Seven months after a police officer leaked internal documents used in political smear, ex-candidate is still awaiting justice

Nick Gahunia was riding a political high.

The young Progressive Conservative seemed on track to win the
party’s nomination in his Brampton Centre riding for the
Ontario election held earlier this year. Then in mid-April, the
packages started arriving.

Sent to local Tories, journalists and others, the letters
contained confidential police documents on investigations
involving Gahunia, 28, and urged Conservatives to “clean the

The law-school graduate has no police record but within days,
as his reputation in Brampton’s close-knit Indo-Canadian
community plummeted, the party barred him from the nomination

Peel Regional Police
later revealed

the documents, produced by its investigators, were accessed by
a Toronto police officer from an RCMP-run computer system, then
released without authorization. Raising the spectre of
law-enforcement personnel aiding a political smear campaign,
the incident stood out among a string of PC nomination

But nearly seven months and at least three closed-door
investigations later, no one has been held to account for an
incident that Gahunia says left him depressed and ostracized.

“To me it seems like there’s a cover-up,” he says. “I
can’t even walk in the community like I used to any more. It’s
damaged my name, it’s damaged my father’s name. People think
I’m a criminal and they don’t want anything to do with me.”

Former Brampton MP Kyle Seeback, who helped Gahunia with his
campaign, said he considers the events an assault on the
democratic system.

People think I’m a criminal and they don’t want anything to
do with me

“If a police officer can access someone’s confidential police
file for political purposes and there’s no consequence, what
message does that send?” he asked. “This is extraordinarily

Answers to exactly who was behind the episode, though, may not
be emerging any time soon.

In an email to Gahunia last month, an investigator with the
Office of the Independent Police Review Director (OIPRD) —
which received his complaint in April — said she was still
“scheduling and conducting interviews, as well as obtaining and
reviewing materials.”

Ruby Chauhan, a spokeswoman for the oversight agency, said she
can’t comment on specific cases, but said “OIPRD thoroughly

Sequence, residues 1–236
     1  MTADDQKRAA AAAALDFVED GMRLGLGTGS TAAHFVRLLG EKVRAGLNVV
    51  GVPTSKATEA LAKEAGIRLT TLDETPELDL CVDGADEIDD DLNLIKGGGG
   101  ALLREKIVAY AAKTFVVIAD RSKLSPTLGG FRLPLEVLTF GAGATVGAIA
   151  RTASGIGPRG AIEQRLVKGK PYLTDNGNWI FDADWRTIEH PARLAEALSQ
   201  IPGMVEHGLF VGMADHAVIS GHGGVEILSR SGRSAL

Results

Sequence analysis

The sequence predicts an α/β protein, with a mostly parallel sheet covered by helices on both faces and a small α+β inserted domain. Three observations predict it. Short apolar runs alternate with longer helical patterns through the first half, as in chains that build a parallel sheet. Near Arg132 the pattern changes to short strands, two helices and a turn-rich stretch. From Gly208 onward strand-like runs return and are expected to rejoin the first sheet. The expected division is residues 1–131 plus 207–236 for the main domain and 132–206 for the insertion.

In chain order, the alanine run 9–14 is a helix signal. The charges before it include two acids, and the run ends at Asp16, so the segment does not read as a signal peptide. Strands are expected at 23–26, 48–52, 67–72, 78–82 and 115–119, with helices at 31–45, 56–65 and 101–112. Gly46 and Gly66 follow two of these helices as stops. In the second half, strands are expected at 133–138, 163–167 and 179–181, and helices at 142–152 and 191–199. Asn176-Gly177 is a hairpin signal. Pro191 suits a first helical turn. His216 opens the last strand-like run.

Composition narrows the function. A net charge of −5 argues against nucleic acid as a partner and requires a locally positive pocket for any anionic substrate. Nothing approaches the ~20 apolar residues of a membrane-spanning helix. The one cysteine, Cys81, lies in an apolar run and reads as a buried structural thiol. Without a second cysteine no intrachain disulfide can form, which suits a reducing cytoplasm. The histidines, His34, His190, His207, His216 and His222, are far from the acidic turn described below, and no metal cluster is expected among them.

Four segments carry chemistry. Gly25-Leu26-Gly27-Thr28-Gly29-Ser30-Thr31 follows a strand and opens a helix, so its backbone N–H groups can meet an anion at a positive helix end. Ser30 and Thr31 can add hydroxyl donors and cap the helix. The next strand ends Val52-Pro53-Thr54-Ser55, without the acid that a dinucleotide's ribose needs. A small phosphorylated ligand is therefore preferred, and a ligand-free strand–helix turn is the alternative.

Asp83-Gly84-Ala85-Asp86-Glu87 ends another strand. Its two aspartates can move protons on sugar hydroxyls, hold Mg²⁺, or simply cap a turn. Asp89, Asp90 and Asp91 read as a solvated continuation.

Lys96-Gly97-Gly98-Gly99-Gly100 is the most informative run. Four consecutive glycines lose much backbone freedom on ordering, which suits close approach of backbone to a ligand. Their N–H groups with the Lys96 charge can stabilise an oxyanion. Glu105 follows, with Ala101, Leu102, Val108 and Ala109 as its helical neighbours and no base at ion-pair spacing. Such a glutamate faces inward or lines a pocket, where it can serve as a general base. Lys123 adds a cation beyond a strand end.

investigates all retained complaints and endeavours to do this
as expediently as possible.”

And yet the case may not be much of a mystery. Gahunia says a
detective with Peel Regional Police, which finished its own
investigation in May, told him he already knew which officer
obtained the documents — leaving behind a digital fingerprint
as he did so — and who mailed them out, but was not allowed to
divulge the information.

Meanwhile, the office of Ontario’s Information and Privacy
Commissioner is pursuing another investigation of the incident,
calling it “complex,” and saying it cannot comment until the
probe is over.

Gahunia was already the PCs’ Brampton Centre riding association
president when he entered the race to be the Tory candidate for
an election that polls indicated was the Conservatives’ to

Winning nominations often hinges on recruiting more new members
than anyone else, and he says he had signed up 3,000 of the
riding’s 5,000 Tories by this spring.

“I had everybody with me,” Gahunia says, notwithstanding a
short-lived foray into the Brampton Centre race by then-Toronto
city councillor Giorgio Mammoliti.

I don’t know why they’re prolonging it. This isn’t rocket

He first got word of the mailed-out packages on April 9; he
says he knows of at least 50 people who received them, while
more were distributed electronically. One contained a police
report indicating he had been arrested for suspected use of a
stolen credit card 10 years ago, when he was 18.

Another contained a similar report on the brief 2016 arrest by
Peel police of him and others in a Hummer SUV that officers
said contained traces of a white powder they suspected was
cocaine. Half an hour later, the men were let go, police
determining there was too little of the powder to even test.

Gahunia says both instances were misunderstandings; regardless,
Peel police issued him a letter in April saying he had no
record on the Canadian Police Information Centre database,
which documents criminal charges and convictions. He promptly
complained about the leaked reports to Peel police and the

Even so, he says party president Jag Badwal informed him late
on April 20, barely a day before the nomination vote, that he
was disqualified as a potential candidate, though could
continue as riding president.

Harjit Jaswal, the eventual PC candidate who narrowly lost to
NDPer Sara Singh in the June 7 election, told the National Post
in May he had nothing to do with the bid to discredit Gahunia.
Badwal could not be reached for comment.

On May 17, Peel police
issued a statement saying internal reports “not authorized
for release to the public” had been obtained by a member of the
Toronto Police Service through the Police Information Portal, a
system that lets law-enforcement agencies share confidential

Peel said the Toronto force’s professional standards bureau had
taken over the investigation. Toronto police spokesman Mark
Pugash later told the Post the case had been passed on to the
OIPRD, already seized with the matter since April.

Gahunia, who is studying to take the bar-admission exam next
year, says he just wants his name cleared. And for him, that
means publicly exposing how the leak happened.

“I don’t know why they’re prolonging it,” he said of the
various investigations. “This isn’t rocket science.”

• Email: tblackwell@nationalpost.com
| Twitter: TomblackwellNP

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